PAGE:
Knowing

KNOWING

One of the best films of the last decade.

 

I don’t know what to say about Knowing.  This film was dismissed critically when it first came out.  Isn’t the critics job to persuade people from making a mistake?  I almost didn’t see “Knowing” when it came to the theatres because it looked like your stupid typical Nic Cage tripe a la “Next,” and more of that I could do without.  Luckily it came up on the tail end of a drive-in double feature and I was blown away.  My girlfriend and I spent the 45 minute drive home with the radio off discussing its implications.

If you know anything about the movie, then you are aware that it is absurd.  A child scrawls a long list of numbers onto a sheet of paper that is being prepared for a class time capsule.  She is so determined to get them all in, that when the teacher forcibly removes the paper, she tears up her fingernails digging the remaining numbers into a closet door.

Cut to fifty years later.  Nicolas Cage’s son, Caleb is among the students who get to look into the time capsule and see what students fifty years ago were doing.  Caleb’s peers think that he got the shit end of the deal—the rest of them got cool pictures, he simply got a long list of numbers.

And then, you know the way things happen.  Nic Cage accidentally puts down a glass on the paper, which creates a water ring that circles a set of numbers…among them 9, 11, and the number of people who perished on 9/11/2001.  It turns out all the numbers are associated with disasters.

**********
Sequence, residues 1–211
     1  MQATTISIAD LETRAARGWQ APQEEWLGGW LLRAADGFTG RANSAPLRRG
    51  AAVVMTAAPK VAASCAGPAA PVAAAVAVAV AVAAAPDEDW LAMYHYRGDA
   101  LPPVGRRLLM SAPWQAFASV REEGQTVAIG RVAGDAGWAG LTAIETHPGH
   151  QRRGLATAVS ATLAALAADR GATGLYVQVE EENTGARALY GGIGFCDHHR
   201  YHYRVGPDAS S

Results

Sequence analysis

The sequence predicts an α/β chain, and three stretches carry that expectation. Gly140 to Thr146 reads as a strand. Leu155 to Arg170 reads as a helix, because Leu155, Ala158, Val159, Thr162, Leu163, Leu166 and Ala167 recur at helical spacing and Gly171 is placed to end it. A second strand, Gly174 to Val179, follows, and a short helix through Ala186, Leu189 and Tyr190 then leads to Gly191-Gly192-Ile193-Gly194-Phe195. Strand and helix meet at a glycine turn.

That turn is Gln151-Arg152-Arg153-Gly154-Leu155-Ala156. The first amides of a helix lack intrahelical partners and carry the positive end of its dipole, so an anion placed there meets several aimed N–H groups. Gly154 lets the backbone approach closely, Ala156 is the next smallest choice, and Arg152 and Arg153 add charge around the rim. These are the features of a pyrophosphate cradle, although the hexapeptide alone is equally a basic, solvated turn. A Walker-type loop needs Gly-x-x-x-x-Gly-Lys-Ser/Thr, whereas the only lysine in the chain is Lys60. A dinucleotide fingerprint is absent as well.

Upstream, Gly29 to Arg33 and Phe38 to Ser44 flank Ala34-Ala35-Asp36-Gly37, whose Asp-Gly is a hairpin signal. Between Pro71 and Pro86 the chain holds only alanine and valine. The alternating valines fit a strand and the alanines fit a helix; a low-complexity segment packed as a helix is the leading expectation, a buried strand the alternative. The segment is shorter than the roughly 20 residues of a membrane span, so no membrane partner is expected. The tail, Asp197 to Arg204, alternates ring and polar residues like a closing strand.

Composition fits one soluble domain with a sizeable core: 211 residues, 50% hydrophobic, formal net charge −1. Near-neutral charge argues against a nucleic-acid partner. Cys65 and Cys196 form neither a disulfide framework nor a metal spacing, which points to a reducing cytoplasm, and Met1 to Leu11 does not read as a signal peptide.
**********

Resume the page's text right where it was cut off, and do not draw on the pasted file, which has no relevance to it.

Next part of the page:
Among them, the event that killed his wife is on the list.  Which separated him from his family (his father is a pastor), and wrecked his faith and put his life, basically, on hold.  He spends nights drinking and causing water rings to appear on paper when he puts his Scotch down.

And so the film is a mystery.  And of course there are deadlines.  There are events predicted on the paper that haven’t happened yet!  Which, of course leads to hurried sequences and sweeping chase music that you would come to expect from summer entertainment.

But there is so much more!  Imagery and thought and discussion.  Alex Proyas’s film puts a lot on the table for you to digest AND he doesn’t skimp when it comes to apocalyptic entertainment.  And he pulls no punches.  One could even say he takes things further than Hillcoat’s “The Road,” but be sure to read above…because Proyas knows how to impart enough hope into the proceedings.  Otherwise, I could never imagine how this picture may have gotten greenlit.

So, if you can get over the absurdity of the thing, yet keep your brain a’rolling.  I think there is a lot of reward in this film.  Where did the numbers come from?  If they are predictions of unstoppable events, then what is their purpose?  Are the events unstoppable?  Were they written specifically for Nic Cage’s character, or could anyone have found them?  What is chance?  What is fate?  Even the characters names allude to so much more.  Are there aliens?  Are there angels?  Are what we at some point concocted as angels, simply an extraterrestrial life force?  Oh, but I am already giving too much away, and we haven’t even scraped the surface of the film’s implications.

 I would say it was one of the top ten films of 2009.  Alex Proyas has both hit and missed (HIT: Dark City; MISS: I, Robot) but this is a damn home run.

NOTE: I must make a decision on how I blog these movies.  I’m beginning to teeter a line between a review that assumes you haven’t seen the movie, and a discussion that assumes you did.)

Leave a Reply

Fill in your details below or click an icon to log in:

WordPress.com Logo

You are commenting using your WordPress.com account. Log Out /  Change )

Google photo

You are commenting using your Google account. Log Out /  Change )

Twitter picture

You are commenting using your Twitter account. Log Out /  Change )

Facebook photo

You are commenting using your Facebook account. Log Out /  Change )

Connecting to %s


%d bloggers like this: